However, Russian armies, like their Soviet predecessors, use a system of echelons during offensive operations – waves if you will. When the first wave has peaked, run out of steam, or suffered heavy casualties, an echelon change takes place, with the second moving on and resuming the battle. What we see now in Ukraine is the first operational echelon. What and where, then, is the second? This is probably made up of most of what remains of the armies listed above that are still in Russia and subject to being called upon to move. The most important of these are the First and Twentieth Armies, containing many of the best of the Russian army and its most modern equipment. A report indicated that the first GTA had been destroyed by the Ukrainians – unlikely given that only a reconnaissance brigade and two regiments were reported in Ukraine. The rest of the army is probably around Voronezh. Twentieth is likely to be east of Kharkov.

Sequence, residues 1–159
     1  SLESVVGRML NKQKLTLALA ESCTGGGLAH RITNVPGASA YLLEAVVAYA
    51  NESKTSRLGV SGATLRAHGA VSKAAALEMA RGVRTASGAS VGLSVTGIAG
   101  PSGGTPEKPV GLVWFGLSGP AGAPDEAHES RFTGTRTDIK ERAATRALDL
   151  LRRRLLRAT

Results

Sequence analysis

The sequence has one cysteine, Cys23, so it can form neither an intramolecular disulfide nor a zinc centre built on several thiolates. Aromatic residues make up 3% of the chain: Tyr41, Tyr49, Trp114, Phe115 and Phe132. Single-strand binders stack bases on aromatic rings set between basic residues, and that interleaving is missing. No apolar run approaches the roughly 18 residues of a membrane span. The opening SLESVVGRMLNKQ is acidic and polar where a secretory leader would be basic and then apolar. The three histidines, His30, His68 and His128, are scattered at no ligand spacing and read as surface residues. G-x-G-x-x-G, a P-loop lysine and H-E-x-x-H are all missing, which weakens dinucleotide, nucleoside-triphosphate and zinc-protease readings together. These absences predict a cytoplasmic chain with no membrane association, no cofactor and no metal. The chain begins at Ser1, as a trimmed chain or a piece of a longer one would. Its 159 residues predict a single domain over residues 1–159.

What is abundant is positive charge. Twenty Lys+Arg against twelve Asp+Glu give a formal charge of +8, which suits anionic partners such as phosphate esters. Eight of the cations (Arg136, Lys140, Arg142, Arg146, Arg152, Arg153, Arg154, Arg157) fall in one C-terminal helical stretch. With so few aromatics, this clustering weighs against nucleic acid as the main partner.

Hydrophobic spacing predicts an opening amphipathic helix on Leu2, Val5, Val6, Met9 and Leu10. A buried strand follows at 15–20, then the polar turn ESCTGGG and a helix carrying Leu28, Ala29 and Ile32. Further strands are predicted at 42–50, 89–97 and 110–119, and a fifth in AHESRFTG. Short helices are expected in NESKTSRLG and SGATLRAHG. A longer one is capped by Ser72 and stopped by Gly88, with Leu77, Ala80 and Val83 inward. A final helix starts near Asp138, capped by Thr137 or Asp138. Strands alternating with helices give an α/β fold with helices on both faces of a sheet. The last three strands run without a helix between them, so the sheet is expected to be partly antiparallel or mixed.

So what are the Russians’ options for employing the next echelon – and behind that, a strategic second echelon? The first possibility is to complete the conquest of Ukraine in whole or in part. Donbass, the Sea of ​​Azov and the Black Sea coasts connecting Russia to Crimea will be absorbed by Russia as autonomous republics; what about the rest? The goal may be to divide Ukraine along the Dnieper line, a natural border. Territory east of the river will be ethnically cleansed, which is already underway, reducing the need for a long and costly counterinsurgency campaign. That would leave a rump Ukraine west of the river, with no industrial capacity and no ports. But this does not square with Putin’s claims that Ukraine East Russia – thus the territory west of the Dnieper could also be occupied, again ethnically cleansed, and, with much of the Ukrainian population gone, held down with a smaller force than would otherwise be needed and which would not require the call-up of large numbers of reservists.